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Tuesday, November 9, 2010

Boondockers flock to LTVAs for winter camping

One of the most common and easiest ways to start boondocking in the desert is to head for one of the BLM’s Long Term Visitor Areas (LTVA), which are designated camping areas, but do not have designated campsites, hookups, or convenient amenities.

Most will have a ranger that patrols and an onsite host that can answer questions, aim you in the right direction when you need help, direct you to the nearest dump station, water fill, Laundromat, grocery store, repair shop, and provide local restaurant reviews. Some of the LTVA have onsite dump stations, restrooms, fresh water taps, and trash collection.

Make a special effort to visit a BLM Field Office in Arizona or California for the area you intend to boondock, or the BLM Web site, for more information, brochures, displays, safety tips, and helpful hints for exploring, camping, and boondocking in the deserts.

LTVAs cost $180 for the season or any part of the season from September 15 to April 15. With a seasonal permit you can move between LTVAs and between states. For $40 you can camp up to two weeks. LTVAs will be more popular (i.e. more crowded) than open desert camping in most cases (the Slabs at Niland on the Salton Sea being one exception) since they provide some organization to boondocking and camaraderie between like-minded RVers and usually lie near popular areas, such as on the California side of Yuma and at Quartzsite in Arizona.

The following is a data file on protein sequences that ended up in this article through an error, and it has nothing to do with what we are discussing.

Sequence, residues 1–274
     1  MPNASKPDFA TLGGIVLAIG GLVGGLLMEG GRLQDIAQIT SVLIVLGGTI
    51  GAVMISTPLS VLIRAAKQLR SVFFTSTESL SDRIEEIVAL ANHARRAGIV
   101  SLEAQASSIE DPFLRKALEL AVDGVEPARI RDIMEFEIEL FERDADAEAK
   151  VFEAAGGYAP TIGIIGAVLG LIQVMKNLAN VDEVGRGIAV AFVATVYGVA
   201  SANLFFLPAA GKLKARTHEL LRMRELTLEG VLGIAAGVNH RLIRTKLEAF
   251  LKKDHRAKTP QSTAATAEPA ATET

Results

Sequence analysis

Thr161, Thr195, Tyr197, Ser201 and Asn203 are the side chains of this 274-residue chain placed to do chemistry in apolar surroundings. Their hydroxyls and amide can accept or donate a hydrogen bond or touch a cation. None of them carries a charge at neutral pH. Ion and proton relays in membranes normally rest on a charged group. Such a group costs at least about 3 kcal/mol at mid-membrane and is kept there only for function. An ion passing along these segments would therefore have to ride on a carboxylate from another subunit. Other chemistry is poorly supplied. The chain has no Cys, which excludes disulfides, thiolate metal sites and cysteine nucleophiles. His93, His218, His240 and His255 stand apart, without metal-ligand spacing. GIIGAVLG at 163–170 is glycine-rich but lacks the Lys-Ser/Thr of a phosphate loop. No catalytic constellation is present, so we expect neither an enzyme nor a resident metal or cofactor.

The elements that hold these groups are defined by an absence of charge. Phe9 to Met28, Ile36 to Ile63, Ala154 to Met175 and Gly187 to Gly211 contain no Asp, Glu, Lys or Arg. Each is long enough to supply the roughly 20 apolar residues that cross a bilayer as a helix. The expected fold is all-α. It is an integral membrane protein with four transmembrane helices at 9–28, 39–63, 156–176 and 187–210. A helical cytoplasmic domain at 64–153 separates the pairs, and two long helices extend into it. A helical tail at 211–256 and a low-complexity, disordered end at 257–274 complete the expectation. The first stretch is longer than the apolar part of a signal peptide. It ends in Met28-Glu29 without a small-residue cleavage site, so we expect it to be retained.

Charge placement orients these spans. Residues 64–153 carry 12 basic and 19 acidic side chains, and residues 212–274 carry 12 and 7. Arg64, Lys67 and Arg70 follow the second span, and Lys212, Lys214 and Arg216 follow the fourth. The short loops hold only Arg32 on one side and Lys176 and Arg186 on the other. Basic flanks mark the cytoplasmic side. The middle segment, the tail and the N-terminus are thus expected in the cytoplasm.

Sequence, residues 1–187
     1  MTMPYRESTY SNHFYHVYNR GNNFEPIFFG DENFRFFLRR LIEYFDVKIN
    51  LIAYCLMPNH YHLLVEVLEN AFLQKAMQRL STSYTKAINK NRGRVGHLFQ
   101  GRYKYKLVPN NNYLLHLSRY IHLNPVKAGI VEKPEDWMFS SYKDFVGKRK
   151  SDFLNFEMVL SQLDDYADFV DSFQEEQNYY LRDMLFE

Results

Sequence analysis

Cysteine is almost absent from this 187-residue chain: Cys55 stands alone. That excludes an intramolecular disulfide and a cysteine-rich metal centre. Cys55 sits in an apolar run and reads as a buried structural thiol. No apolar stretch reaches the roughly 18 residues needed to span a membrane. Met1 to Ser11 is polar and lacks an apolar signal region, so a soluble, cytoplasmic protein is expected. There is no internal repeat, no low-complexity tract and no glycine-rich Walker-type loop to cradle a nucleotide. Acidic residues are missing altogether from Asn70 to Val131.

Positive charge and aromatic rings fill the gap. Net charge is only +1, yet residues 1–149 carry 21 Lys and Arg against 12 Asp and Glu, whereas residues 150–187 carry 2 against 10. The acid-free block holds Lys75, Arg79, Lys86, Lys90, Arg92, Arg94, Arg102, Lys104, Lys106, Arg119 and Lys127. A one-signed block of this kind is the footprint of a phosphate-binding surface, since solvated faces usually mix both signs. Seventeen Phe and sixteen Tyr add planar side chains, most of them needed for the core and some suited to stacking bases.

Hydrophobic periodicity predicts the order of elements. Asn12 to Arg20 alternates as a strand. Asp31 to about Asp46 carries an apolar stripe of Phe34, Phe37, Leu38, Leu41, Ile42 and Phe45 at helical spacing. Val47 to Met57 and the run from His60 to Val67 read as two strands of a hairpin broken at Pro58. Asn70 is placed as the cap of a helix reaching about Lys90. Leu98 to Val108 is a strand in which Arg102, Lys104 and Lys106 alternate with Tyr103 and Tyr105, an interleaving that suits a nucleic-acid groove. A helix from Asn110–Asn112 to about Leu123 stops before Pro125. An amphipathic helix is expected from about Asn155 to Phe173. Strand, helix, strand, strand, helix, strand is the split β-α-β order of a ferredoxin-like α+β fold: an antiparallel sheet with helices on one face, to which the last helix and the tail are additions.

However, the further away you go from the entrance, the more spaced apart campers become. Even during the busiest part of the winter, you can usually find solitary spots away from others (and their continuously running generators), in case you like nude sunbathing or perform strange rituals.

For the beginning desert boondocker, choosing an LTVA is a good choice for learning and practicing boondocking, since all those around you are doing the same thing, the sources of "expert" help or assistance is boundless. The advantages of LTVA include:

• Availability of drinking water on site or nearby
• Dump station on site or nearby
• Restroom on site or nearby
• On site camp host
• On site purchasing of LTVA permit
• Maps, brochures, local information
• Extended seasonal camping permitted
• Most of camping area’s surface is desert pavement, a hard, solid, supportive surface of closely spaced stones much like crude tile, or hard-packed dirt.
• A collection of RVers of every level of experience will be nearby if you need advice or help, or just want to talk about boondocking and the interesting locations others have discovered.
• If you have a problem, just open your hood and peer inside and soon all the help you could possibly need—or ever want—will be gathered around offering advice. It’s a great way to break the ice, though breaking the ice is not a difficult task among boondocking snowbirds.

Check out Bob Difley's BOONDOCKING and SNOWBIRD GUIDE eBooks at

1 comment:

  1. As usual another great informative article. I didn't know that you could "With a seasonal permit you can move between LTVAs and between states."
    I had been told that I could use an LTVA in several campgrounds that were in the BLM area around Bishop. I believe. I was told that at the BLM Office they include Crowley Lake Campground ,Goodale Creek Campground,Horton Creek Campground,Tuttle Creek Campgound,
    Pleasant Valley Pit Campground. only. I didn't know that you could use then in different states. Thanks